Fauci said he's concerned recent spikes in COVID-19 cases could become a 'full blown outbreak' without proper testing and contact tracing
- Top US infectious disease expert Dr.
Anthony Faucisaid he is concerned that the increases in infections in light of reopening could develop into "full blown outbreaks" but hopes that "individual states can blunt that.
- He said it is not "inevitable" that a second wave or massive wave of infections could happen in the fall, but it could be prevent if approached "in the proper way" with widespread testing and contact tracing.
- The Trump administration has not had the same outlook on the threat of the recent outbreaks as Fauci, with President
Donald Trumpblaming the rise in coronavirus cases on increased testing.
- He said he doesn't see normalcy returning anytime soon amid the
coronaviruspandemic, citing the recent spikes in COVID-19cases across the US.
- "I would hope to get to some degree of real normality within a year or so, but I don't think it's this winter or fall; we'll be seeing it for a bit more," Fauci told The Telegraph.
US top infectious disease expert Dr. Anthony Fauci expressed concern that the recent spikes in coronavirus cases across the US could develop into "full blown outbreaks."
His outlook contrasted the more positive outlook of the Trump administration, saying that the emerging COVID-19 cases are merely "embers" to be snuffed out.
Experts have been pushing for establishing a comprehensive testing and contact tracing method in order to suppress, not just mitigate the spread of the coronavirus. Fauci echoed the sentiment, saying that the question remains if such a system will exist anytime soon.
"The question is will they have the capability to do the appropriate and effective isolation, and contact tracing, to prevent this increase from becoming a full blown outbreak? I'm concerned it's happening," Fauci told the UK newspaper The Telegraph, referring to the recent spikes in COVID-19 cases throughout the US.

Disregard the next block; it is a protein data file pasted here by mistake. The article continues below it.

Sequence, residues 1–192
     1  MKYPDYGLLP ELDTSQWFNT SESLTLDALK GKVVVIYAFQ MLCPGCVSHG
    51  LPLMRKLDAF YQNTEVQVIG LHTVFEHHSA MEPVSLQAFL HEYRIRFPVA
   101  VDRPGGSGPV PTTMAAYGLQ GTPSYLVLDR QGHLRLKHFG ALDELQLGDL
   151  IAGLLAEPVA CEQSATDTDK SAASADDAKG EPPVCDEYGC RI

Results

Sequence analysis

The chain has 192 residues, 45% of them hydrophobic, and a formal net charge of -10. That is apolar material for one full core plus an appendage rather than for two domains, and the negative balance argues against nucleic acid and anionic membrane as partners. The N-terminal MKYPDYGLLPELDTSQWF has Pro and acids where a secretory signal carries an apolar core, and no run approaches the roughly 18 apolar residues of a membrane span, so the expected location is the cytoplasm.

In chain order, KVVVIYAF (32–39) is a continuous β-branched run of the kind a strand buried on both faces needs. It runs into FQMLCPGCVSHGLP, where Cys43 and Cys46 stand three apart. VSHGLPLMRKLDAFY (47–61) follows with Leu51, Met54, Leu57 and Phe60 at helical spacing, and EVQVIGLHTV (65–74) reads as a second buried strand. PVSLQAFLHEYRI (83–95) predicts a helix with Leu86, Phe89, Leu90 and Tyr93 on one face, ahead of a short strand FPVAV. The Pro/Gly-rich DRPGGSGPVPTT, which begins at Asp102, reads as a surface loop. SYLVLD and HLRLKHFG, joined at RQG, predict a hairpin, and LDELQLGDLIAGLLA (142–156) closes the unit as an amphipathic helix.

"I hope the individual states can blunt that. It [the virus] could go on for a couple of cycles, coming back and forth," he added.
The Trump administration has not had the same outlook on the threat of the recent outbreaks as Fauci, with President Donald Trump blaming the rise in coronavirus cases on increased testing, though evidence shows that there are a variety of factors playing into the spikes.
"If we stop testing right now, we'd have very few cases, actually," the president said at a roundtable Monday.
"The president often talks about embers," Pence said during the call, the audio of which was obtained by The New York Times. "As we go through the summer, as we see, overall, as you all know, around the country, that despite a mass increase in testing, we are still averaging roughly 20,000 cases a day, which is significantly down from six weeks ago."
According to a Times data analysis, "positive case rates are increasing faster than the increase in the average number of tests" in at least 14 states.
Fauci said he doesn't think there's going to be an "immediate pull back" on the health safety restrictions to stem the spread of the virus, like social distancing, but "its going to be really wait and see."
"My feeling, looking at what's going on with the infection rate, I think it's more likely measured in months rather than weeks," Fauci told The Telegraph.
He said life will likely not return to normal until next year in a grim prediction as to how the COVID-19 pandemic will pan out.
"I would hope to get to some degree of real normality within a year or so, but I don't think it's this winter or fall; we'll be seeing it for a bit more," Fauci told The Telegraph, adding that it is "not inevitable that you will have a so-called 'second wave' in the fall, or even a massive increase, if you approach it in the proper way."
Fauci said that there is still hope to fight the virus through a vaccine, which he sees some potential options making "significant progress."
"You can never guarantee success with a vaccine — that's foolish to do so — there's so many possibilities of things going wrong," he told The Telegraph. "[But] everything we have seen from early results, it's conceivable we get two or three vaccines that are successful."
While Fauci described the COVID-19 pandemic as "an explosive outbreak that in a couple of months spread through so many cities, and the world," he does see "light at the end of the tunnel."
"This will end. As stressful and devastating as it is, it will end," Fauci told The Telegraph. "We are all in it together as a global community, and I do see the light at then end of the tunnel."
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